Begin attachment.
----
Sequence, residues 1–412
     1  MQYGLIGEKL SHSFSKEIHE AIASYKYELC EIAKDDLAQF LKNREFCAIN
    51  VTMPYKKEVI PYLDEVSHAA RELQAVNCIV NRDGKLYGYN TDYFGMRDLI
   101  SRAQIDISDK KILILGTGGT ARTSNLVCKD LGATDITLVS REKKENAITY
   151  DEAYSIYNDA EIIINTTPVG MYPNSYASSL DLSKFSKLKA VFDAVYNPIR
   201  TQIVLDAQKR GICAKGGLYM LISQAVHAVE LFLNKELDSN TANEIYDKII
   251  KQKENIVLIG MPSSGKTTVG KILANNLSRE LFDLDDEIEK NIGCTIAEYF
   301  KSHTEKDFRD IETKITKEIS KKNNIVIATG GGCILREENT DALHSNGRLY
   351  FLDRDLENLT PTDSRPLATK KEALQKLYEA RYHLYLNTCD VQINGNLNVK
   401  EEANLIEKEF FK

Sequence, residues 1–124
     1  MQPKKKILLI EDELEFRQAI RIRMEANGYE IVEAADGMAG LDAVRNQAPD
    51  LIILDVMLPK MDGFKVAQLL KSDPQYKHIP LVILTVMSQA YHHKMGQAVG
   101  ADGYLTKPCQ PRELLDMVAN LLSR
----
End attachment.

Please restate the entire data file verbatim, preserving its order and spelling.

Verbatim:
Sequence, residues 1–412
     1  MQYGLIGEKL SHSFSKEIHE AIASYKYELC EIAKDDLAQF LKNREFCAIN
    51  VTMPYKKEVI PYLDEVSHAA RELQAVNCIV NRDGKLYGYN TDYFGMRDLI
   101  SRAQIDISDK KILILGTGGT ARTSNLVCKD LGATDITLVS REKKENAITY
   151  DEAYSIYNDA EIIINTTPVG MYPNSYASSL DLSKFSKLKA VFDAVYNPIR
   201  TQIVLDAQKR GICAKGGLYM LISQAVHAVE LFLNKELDSN TANEIYDKII
   251  KQKENIVLIG MPSSGKTTVG KILANNLSRE LFDLDDEIEK NIGCTIAEYF
   301  KSHTEKDFRD IETKITKEIS KKNNIVIATG GGCILREENT DALHSNGRLY
   351  FLDRDLENLT PTDSRPLATK KEALQKLYEA RYHLYLNTCD VQINGNLNVK
   401  EEANLIEKEF FK

Sequence, residues 1–124
     1  MQPKKKILLI EDELEFRQAI RIRMEANGYE IVEAADGMAG LDAVRNQAPD
    51  LIILDVMLPK MDGFKVAQLL KSDPQYKHIP LVILTVMSQA YHHKMGQAVG
   101  ADGYLTKPCQ PRELLDMVAN LLSR